Wright goes on to dsicuss Lacan on the ‘Bourgeois Dream’ of Happiness

  • parallels with the cognitive capitalism critique that must begin with an understanding of psychology and power:

A key transition:

The productive nature of consumption (52): consumerism is the driver….

“The inscription of digital technical tools is so strong that the evolutionist current in economics comes to proposed a new distinction for goods and servies into three types of inputs:

  • hardware (the physical layer);
  • software (the logical layer); and
  • the wetware (the cerebral or living layer) (p.53)

Markers of cognitive capitalism ((p.50-52):

  • 7: we are witnessing a revolution in sequences of production, and therefore in the division of labour and its components.

THE ECONOMY OF ATTENTION

A BUDDHIST PERSPECTIVE: PETER HERSHOCK

[The global media complex, encompassing all forms of electronic audio, visual and text-based platforms, stands at the heart of the ‘cognitive economy’…..These are the platforms that constitute the ‘mediascape’ where many of us now live our lives in terms of their command of our time and attention]

For the Chan Buddhist scholar, philosopher and social theoriest, Peter Hershock, the mass media have played a profound role in embedding modern and market values throughout the contemporary lifeworld. (p.121, 2012)

“In addition to being a primary connective tissue between the public and private spheres, mass media have been instrumental in bringing about the commodification and commercialization of the most intimate and social dimensions of human need:

  • sensory stimulation
  • shared meaning making
  • identity construction and reinforcement, and
  • a sustained sense of belonging. (p 121)

Media history has exemplified both the value-laden nature of all technologies and the modern bias towards the values of autonomy and control.

“Technologies emerge as a function of complex systems of material and conceptual practices, embodying and deploying particular strategic values.” (p122)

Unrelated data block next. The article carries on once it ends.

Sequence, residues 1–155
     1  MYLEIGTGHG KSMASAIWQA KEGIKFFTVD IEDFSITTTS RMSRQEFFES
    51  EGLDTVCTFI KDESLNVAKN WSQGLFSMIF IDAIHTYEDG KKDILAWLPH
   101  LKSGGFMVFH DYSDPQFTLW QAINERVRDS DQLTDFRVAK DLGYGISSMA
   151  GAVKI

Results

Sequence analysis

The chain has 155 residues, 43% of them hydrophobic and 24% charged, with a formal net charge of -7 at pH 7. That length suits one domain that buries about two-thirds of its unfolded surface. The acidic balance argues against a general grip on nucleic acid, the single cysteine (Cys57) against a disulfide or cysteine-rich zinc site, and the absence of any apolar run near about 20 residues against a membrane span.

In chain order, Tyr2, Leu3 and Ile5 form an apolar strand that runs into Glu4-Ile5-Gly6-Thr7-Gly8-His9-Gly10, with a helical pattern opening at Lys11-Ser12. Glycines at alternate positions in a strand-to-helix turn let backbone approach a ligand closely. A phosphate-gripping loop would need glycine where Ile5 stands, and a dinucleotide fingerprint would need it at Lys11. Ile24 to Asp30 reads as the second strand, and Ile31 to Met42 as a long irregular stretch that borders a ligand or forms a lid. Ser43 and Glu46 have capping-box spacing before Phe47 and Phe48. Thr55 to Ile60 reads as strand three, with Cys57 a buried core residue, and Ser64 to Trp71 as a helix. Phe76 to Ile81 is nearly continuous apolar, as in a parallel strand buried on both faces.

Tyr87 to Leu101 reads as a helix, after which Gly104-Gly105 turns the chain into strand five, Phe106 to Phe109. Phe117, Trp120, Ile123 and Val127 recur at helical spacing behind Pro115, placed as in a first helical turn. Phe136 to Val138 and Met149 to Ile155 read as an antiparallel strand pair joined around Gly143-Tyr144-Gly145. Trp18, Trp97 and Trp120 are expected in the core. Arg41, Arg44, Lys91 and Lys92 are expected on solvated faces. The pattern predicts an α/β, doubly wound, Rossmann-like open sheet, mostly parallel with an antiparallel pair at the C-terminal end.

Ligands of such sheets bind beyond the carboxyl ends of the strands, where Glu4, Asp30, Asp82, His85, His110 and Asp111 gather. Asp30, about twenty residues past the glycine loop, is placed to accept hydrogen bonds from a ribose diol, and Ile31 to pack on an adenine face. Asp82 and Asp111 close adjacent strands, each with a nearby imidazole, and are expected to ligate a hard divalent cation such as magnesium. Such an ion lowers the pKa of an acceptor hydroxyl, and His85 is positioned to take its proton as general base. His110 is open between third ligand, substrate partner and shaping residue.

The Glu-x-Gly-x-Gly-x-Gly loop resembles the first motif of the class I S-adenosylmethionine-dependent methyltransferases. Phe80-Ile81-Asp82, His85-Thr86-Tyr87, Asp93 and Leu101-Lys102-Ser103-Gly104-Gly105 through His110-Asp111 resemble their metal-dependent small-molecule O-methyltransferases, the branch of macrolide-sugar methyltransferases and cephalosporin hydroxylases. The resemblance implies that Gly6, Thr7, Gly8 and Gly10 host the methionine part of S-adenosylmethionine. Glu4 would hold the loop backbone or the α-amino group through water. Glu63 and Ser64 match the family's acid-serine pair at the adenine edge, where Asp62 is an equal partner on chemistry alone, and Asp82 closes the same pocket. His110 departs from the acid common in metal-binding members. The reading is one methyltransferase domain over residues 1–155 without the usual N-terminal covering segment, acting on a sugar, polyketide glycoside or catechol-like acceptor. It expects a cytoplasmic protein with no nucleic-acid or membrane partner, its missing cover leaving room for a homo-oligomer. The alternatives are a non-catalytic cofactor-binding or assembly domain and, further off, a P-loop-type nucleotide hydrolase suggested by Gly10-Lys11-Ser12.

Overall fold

As technological phenomenon, mass media cannot be effectively and critically engaged solely in terms of the information content they transmit. Mss media nd information and communications technology (ICT) more broadly also encompass the extraction of raw materials needed to manufacture ever-changing tools, the mareting and servicing of these tools, the “worlds” to which they provide access, the needs they help to instill, the changes they forster in communication practices and legal institutions, shifting patterns of global capital investment and exchange, and increasingly dense capacities for controlling the content and velocity of lived experience.” (p.122)

Comparing it to the splitting processes that have led to the release of energy from fossil fuels and from plutonium, Hershock observes that the post-modern, market- and media-facilitated splitting of community through which attention – the most basic form of human energy – is systematically “mined” and “released’ into global circulation. (p131)

Contemporary mass media and the communication tools through which they are being accesed grant nearly miraculous capacities for choosing and controlling what we experience, when, and with whom. In doing so, however, they promote an understanding and practice of community in which belonging is interpreted as essentially a function of choice, not commitment. (p.133) [Variety not diversity]

 

He cites the work of Michael Bugeja (2005) who fears that coming to view identity and community as fundamentally elective and spatially distributed will work against emotional and relational maturation:

“The digitization of identity and community – their subjection to an on/off, binary logic of liking/disliking, wanting/not wanting – is not only conducitve to fragmentary dynamics of the sort that can result in increasingly virulent fundamentalisms, but also to a radical attenuation of what we might call relational bandwidth.” (p.133)

The Advent of the Attention Economy

 

The dynamics of the global economy over the past several decades suggest that what is quite distinctive about the present era is the emergence of complex interdependencies that make possible what Georg Franck (1999a) described in a seminal article as the “capitalization of attention”. (cited on p 134)